ما يقوله الناس - كتابة مراجعة
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طبعات أخرى - عرض جميع المقتطفات
alliteration Anglo-Saxon become belong better called century character Chaucer civil classes classical common continued course Craik culture derived developed dialect earlier early Edition Edward elements employed ending England English language expression fact foreign forms fourteenth century French give greater guage hand heart idiom important inflections influence interest introduced King later Latin learned less lines literature Lord marked Marsh means mind moral native naturally never Norman Norman French notice original period persons poems poetic poetry poets political popular portion present printed probably prose referred regard religious remarkable respect result Robin Hood Romance Saxon scholars schools Second Series soon speech spirit style subjects things thou thought tongue translation true unto verbs verse vocabulary words writers written
الصفحة 193 - I am resolved what to do, that, when I am put out of the stewardship, they may receive me into their houses.
الصفحة 145 - For magnificence, for pathos, for vehement exhortation, for subtile disquisition, for every purpose of the poet, the orator, and the divine, this homely dialect, the dialect of plain workingmen, was perfectly sufficient. There is no book in our literature on which we would so readily stake the fame of the old unpolluted English language ; no book which shows so well how rich that language is, in its own proper wealth, and how little it has been improved by all that it has borrowed.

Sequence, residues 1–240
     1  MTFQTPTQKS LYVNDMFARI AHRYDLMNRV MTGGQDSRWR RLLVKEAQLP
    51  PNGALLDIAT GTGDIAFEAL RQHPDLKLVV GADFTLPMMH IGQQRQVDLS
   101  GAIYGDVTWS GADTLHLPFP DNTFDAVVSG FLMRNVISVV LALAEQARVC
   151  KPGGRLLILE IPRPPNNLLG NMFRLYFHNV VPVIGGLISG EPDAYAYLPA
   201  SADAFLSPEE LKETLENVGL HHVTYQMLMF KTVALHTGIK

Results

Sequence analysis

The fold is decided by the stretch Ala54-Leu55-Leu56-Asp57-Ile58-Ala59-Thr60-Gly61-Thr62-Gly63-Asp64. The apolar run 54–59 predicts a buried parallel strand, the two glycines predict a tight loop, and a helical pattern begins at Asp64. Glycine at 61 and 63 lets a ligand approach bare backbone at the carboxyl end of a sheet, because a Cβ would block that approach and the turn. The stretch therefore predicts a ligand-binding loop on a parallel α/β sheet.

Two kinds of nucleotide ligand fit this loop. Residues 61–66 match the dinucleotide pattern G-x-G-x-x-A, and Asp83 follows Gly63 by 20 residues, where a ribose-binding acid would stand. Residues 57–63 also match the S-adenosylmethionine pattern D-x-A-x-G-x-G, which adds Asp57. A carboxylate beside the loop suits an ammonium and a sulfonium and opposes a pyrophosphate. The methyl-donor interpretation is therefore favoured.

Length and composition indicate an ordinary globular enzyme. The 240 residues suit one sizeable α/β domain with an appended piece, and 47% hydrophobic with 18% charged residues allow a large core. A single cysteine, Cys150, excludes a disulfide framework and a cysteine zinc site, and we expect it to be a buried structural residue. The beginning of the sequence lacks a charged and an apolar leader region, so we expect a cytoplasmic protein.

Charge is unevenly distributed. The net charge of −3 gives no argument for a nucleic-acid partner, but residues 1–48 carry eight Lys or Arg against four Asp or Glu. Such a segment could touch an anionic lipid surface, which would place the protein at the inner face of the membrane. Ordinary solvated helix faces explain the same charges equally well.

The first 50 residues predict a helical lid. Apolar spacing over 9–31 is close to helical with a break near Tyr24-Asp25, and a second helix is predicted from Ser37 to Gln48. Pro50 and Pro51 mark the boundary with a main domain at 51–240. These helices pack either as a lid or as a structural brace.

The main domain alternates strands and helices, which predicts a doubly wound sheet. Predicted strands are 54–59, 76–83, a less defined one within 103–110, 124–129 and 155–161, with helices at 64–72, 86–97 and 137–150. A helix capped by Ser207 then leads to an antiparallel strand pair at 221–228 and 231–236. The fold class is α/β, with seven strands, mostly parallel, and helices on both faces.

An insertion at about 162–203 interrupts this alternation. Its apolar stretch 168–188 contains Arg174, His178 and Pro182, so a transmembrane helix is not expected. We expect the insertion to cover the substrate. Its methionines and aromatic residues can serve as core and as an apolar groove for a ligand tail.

الصفحة 194 - The turtle to her make hath told her tale. Summer is come, for every spray now springs: The hart hath hung his old head on the pale; The buck in brake his winter coat he flings; The fishes flete with new repaired scale.
الصفحة 203 - ... in waste places far from danger of law, maketh his mantle his house, and under it covereth himself from the wrath of heaven, from the offence of the earth, and from the sight of men. When it raineth, it is his pent-house ; when it bloweth, it is his tent ; when it freezeth, it is his tabernacle.
الصفحة 145 - The style of Bunyan is delightful to every reader, and invaluable as a study to every person who wishes to obtain a wide command over the English language. The vocabulary is the vocabulary of the common people. There is not an expression, if we except a u 3 few technical terms of theology, which would puzzle the rudest peasant.
الصفحة 155 - If any one wish to know what manner of man he was, or what worship he had, or of how many lands he were the lord, we will describe him as we have known him ; for we looked on him,- and some while lived in his herd.
الصفحة 203 - In summer he can wear it loose, in winter he can wrap it close ; at all times he can use it; never heavy, never cumbersome. Likewise, for a rebell it is as serviceable.
الصفحة 206 - So he called every one of his lord's debtors unto him, and said unto the first, How much owest thou unto my lord ? And he said, An hundred measures of oil. And he said unto him, Take thy bill, and sit down quickly, and write fifty. Then said he to another, And how much owest thou? And he said, An hundred measures of wheat. And he said unto him, Take thy bill, and write fourscore.
الصفحة 198 - For the philosopher, setting down with thorny argument the bare rule, is so hard of utterance, and so misty to be conceived, that one that hath no other guide but him shall wade in him till he be old before he shall find sufficient cause to be honest...